I followed him into a large, airy room. My luggage had been placed at the end of a king-sized bed that called my name the instant we crossed the threshold.
“Your private bathroom is through here,” he said, pushing a second door wide, “and the walk-in wardrobe is opposite. I’ll be providing all your meals and taking care of the house and grounds while you’re here. I can also run basic errands if necessary.” Everything about his tone was pleasant, modulated… fake. I hated fake.
“Think of me as your go-to man for whatever you need during your stay.”
I didn’t need much, but I’d just added the desire to hear Sean’s voice crack to the end of my growing list of wants. Bending to place my guitar case in front of the nearby dresser, I favoured him with a grin. “Aren’t you the host with the most.”
The barely perceptible narrowing of his eyes wasn’t lost on me. “It’s all part of the Full-Service Package.”
In other words, I’d paid a shitload of money to have him at my beck and call, and I’d be an idiot to assume he was here for any other reason. The stark reminder was unnecessary. I had no illusions about my life, or the fact it was populated by transactions more often than affection. But it would make for a trying couple of months if the man couldn’t at least pretend to tolerate me.
“I’ll leave you to get settled. If you need anything, pick up the phone and dial one hash to reach me. Otherwise, I’ll see you in the morning.”
“And you’ll give me that tour?” There was no real need for us to shake a second time, but I offered my hand anyway. Something about his aversion to me, the way my very existence seemed to annoy him, inspired a perverse desire to dig further under his skin. “I wouldn’t want to get lost. Who knows where I’ll end up?”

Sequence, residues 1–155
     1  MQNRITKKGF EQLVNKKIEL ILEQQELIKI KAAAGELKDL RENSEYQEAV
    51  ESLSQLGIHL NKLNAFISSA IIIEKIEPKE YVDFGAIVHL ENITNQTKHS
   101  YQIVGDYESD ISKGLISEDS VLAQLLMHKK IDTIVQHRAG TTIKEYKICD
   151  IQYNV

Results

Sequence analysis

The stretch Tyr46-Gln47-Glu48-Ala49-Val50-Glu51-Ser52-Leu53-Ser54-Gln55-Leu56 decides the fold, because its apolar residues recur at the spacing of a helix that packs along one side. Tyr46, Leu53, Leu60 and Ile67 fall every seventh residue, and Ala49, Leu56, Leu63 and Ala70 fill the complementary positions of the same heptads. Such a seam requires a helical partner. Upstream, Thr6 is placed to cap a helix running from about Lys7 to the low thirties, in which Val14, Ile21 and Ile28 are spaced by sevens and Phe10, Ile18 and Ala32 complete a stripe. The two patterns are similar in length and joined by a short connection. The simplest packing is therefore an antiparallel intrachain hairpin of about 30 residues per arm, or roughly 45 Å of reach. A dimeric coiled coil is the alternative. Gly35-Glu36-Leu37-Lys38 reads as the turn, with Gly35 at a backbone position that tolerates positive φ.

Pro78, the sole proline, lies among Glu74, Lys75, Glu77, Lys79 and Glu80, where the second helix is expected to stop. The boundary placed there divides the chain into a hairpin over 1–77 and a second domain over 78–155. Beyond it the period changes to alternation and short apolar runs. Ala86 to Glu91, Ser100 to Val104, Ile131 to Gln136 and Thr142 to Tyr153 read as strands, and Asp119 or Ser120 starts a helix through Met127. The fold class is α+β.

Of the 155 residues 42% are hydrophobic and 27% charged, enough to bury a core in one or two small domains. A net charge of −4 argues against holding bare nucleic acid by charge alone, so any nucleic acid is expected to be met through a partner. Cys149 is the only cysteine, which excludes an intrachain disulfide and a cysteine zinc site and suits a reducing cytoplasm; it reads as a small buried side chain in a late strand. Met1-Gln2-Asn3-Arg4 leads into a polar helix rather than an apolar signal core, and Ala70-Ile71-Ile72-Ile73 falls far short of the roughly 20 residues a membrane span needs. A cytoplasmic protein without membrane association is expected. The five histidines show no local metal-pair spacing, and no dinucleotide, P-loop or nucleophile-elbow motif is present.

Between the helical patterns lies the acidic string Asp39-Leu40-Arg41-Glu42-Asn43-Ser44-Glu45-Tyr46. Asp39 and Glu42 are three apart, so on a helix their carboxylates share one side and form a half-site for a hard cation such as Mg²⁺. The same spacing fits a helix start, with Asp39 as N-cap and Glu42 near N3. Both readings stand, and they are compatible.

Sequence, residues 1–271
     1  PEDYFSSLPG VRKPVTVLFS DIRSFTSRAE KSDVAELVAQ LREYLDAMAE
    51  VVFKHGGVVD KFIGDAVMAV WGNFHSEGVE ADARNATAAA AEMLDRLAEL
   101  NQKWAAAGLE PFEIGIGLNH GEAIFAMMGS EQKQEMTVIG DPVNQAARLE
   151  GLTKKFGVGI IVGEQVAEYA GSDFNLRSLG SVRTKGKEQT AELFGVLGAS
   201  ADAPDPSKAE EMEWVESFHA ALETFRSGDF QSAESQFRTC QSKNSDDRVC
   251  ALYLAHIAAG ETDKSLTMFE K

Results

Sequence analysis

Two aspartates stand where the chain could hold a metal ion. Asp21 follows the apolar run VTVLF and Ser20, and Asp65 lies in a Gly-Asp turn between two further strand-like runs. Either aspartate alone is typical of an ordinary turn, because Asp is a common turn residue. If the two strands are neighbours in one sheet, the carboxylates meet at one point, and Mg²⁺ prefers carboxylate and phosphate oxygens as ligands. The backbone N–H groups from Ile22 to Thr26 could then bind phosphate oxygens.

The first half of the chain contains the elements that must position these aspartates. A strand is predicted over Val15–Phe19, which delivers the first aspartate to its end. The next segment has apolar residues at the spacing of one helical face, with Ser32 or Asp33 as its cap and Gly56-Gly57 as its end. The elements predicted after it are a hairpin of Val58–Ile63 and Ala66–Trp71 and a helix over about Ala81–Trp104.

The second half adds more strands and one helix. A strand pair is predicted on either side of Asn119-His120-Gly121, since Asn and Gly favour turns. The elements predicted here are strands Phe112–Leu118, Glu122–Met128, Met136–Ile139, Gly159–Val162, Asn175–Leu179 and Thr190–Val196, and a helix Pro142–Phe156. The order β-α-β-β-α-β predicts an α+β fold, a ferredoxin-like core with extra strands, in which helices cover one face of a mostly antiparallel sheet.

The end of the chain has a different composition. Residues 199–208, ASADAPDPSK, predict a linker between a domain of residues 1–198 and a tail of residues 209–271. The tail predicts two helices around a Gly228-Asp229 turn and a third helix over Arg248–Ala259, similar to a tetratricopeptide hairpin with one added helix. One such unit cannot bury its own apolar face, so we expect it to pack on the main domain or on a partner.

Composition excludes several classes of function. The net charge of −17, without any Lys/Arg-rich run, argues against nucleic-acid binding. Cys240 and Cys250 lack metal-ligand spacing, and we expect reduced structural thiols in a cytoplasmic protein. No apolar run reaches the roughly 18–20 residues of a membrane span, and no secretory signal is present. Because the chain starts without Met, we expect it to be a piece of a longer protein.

Those lips pressed together again as he came forward to accept my hand, but this time he seemed to be fighting a wry smile. “It’s a viable concern with rock stars, I’ll admit. I wouldn’t want to have to file a missing person’s report on the first day.”
Sean’s teasing made me smile. Perhaps there was hope for us yet. I looked into his eyes as we shook, really looked—all up close and personal.
Grey. Sean’s eyes were grey.
An eternity passed as I stood there, staring at him. Not just at his eyes, though. I’d come across men with grey eyes before. As colours went, it wasn’t so rare. Sean was different. With his light-brown hair and his square jaw, he possessed a Grey-ness that had been lacking in other men. For a moment, I imagined I could laugh and pull him against me. Finally. After all these years.
Sean cleared his throat. “Is something wrong?” The low intensity of his voice, the way his breath came fast in his chest, implied my overly dramatic response had somehow been mirrored in him. “I’m gonna need my hand back.”
The spell broke and I released him but, even so, I couldn’t tear my gaze away. “You, ah, you remind me of someone I haven’t seen in a long time.” I swallowed past the lump in my throat, wishing beyond all hope. “Have we met before?”